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Don't Add Kids to Home Title – Use Living Trusts for Safe OC Estate Transfer

Posted by James Burns | Mar 05, 2024 | 0 Comments

As an estate planning lawyer in Orange County, I frequently see parents make the mistake of adding a child to the title of their home, thinking it will make transferring ownership easier down the road. However, this choice exposes you to some serious risks that most people don't consider. Let me explain in simple terms:


Creditor Risks Made Clear If you add an adult child to the home's title, their ownership becomes one of their personal assets. This means:

·         In a Divorce - Your child's ex could potentially get half of your child's interest in your home.

·         If They're Sued - Whether it's a car accident, business dispute, etc., the portion of your home titled to your child could be seized to pay off the judgement against them.

·         Bankruptcy - If your child goes bankrupt, their share of your home's value could be sold off to pay creditors.


Tax Consequences to Avoid Giving away partial ownership before passing also creates potential tax headaches compared to using a living trust:

·         Capital Gains Tax - Upon selling, your child may get hit with capital gains tax on their share since they didn't fully inherit it.

·         Gift Tax - Transferring ownership now may trigger gift taxes depending on the home's value.

·         Losing the Tax-Free Exclusion - You could get knocked out of valuable capital gains exemptions ($500k for married couples) on the portion given to your child.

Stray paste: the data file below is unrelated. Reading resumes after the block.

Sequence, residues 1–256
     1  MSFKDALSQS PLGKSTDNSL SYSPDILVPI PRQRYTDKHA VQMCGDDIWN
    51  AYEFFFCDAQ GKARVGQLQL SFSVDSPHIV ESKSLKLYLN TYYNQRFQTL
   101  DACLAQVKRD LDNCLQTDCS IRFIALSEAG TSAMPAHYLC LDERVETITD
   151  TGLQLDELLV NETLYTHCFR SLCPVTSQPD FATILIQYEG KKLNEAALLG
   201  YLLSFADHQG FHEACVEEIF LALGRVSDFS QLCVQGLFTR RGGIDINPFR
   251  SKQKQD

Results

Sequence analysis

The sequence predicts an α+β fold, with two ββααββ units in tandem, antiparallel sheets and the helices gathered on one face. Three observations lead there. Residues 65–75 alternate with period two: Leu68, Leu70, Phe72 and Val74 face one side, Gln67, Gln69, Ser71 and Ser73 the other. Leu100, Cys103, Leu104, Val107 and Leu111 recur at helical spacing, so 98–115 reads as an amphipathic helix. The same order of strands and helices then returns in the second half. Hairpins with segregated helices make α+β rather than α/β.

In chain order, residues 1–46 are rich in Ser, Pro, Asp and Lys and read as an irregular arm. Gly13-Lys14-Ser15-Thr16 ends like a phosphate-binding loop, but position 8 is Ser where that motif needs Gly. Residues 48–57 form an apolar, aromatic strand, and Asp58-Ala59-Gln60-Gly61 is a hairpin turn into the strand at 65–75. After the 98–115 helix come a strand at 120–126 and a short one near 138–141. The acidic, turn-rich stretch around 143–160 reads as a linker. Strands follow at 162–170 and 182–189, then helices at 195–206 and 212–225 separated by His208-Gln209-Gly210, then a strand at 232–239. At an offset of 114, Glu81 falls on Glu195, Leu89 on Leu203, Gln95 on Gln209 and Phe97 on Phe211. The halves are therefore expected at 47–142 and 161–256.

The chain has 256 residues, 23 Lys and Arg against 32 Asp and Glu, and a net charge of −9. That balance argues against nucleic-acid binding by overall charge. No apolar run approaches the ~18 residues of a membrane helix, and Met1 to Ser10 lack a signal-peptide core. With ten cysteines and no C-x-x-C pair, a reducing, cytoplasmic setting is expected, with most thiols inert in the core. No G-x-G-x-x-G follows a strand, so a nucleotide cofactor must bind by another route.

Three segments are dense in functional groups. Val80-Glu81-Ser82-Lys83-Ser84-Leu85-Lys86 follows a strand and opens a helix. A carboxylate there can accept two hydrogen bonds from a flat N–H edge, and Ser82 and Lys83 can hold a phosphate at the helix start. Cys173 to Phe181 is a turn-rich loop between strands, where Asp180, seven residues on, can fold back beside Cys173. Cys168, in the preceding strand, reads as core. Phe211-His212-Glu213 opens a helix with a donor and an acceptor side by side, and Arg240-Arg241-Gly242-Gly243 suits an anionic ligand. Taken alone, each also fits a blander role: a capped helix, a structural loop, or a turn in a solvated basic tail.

·         Losing Out on Step-Up in Basis An often-overlooked drawback - by adding a child to the title, you miss out on getting a full step-up in basis to the current fair market value when the home is inherited after your passing. This step-up can provide major capital gains tax savings when the home is later sold by your heirs.


Losing Control of Your Home Once your child is on the title, you've given up some rights as the full owner:

·         They Could Sell Without Your Permission - As a co-owner, your child could make decisions to sell the home against your wishes if you become incapacitated.

·         They Could Borrow Against the Home - You could end up trapped in a bad situation if your child takes out loans against their interest.


The Living Trust Advantage Instead of exposing yourself to those risks, placing your home into a properly structured living trust allows you to:

·         Maintain Full Control - As trustee, you control all decisions about the home while alive.

·         Avoid Probate Court - Allows your assets to transfer smoothly to heirs without getting bogged down.

·         Save on Taxes - Significant tax exemptions and stepped-up basis can save thousands.

·         Distribute According to Your Wishes - You decide when and how the home transfers after you pass.

·         Protect Your Legacy - Assets in the trust are shielded from your heirs' potential creditors or divorce battles.


The notion of easily adding a child to the title of your California home may seem appealing on the surface, but the potential risks and negative consequences are too great to ignore. Exposing your home to creditors from your child's divorce, lawsuits, or bankruptcy is simply too big of a gamble. Losing out on valuable tax benefits and relinquishing control of decisions regarding your home are other pitfalls to avoid.


Fortunately, establishing a revocable living trust provides a proven solution that protects your home, allows you to transfer it tax-efficiently to your heirs according to your exact wishes, and shields the assets from creditors and divorce proceedings. Don't leave the legacy you've worked so hard to build open to unnecessary risk. Take charge of your estate plan today by calling the Law Office of James Burns at (949) 305-8642 to get started on creating a comprehensive living trust tailored specifically for your family's needs.

About the Author

James Burns

Estate Planning, Asset Protection, Business and Real Estate Transactions, nutraceutical Law and franchising:


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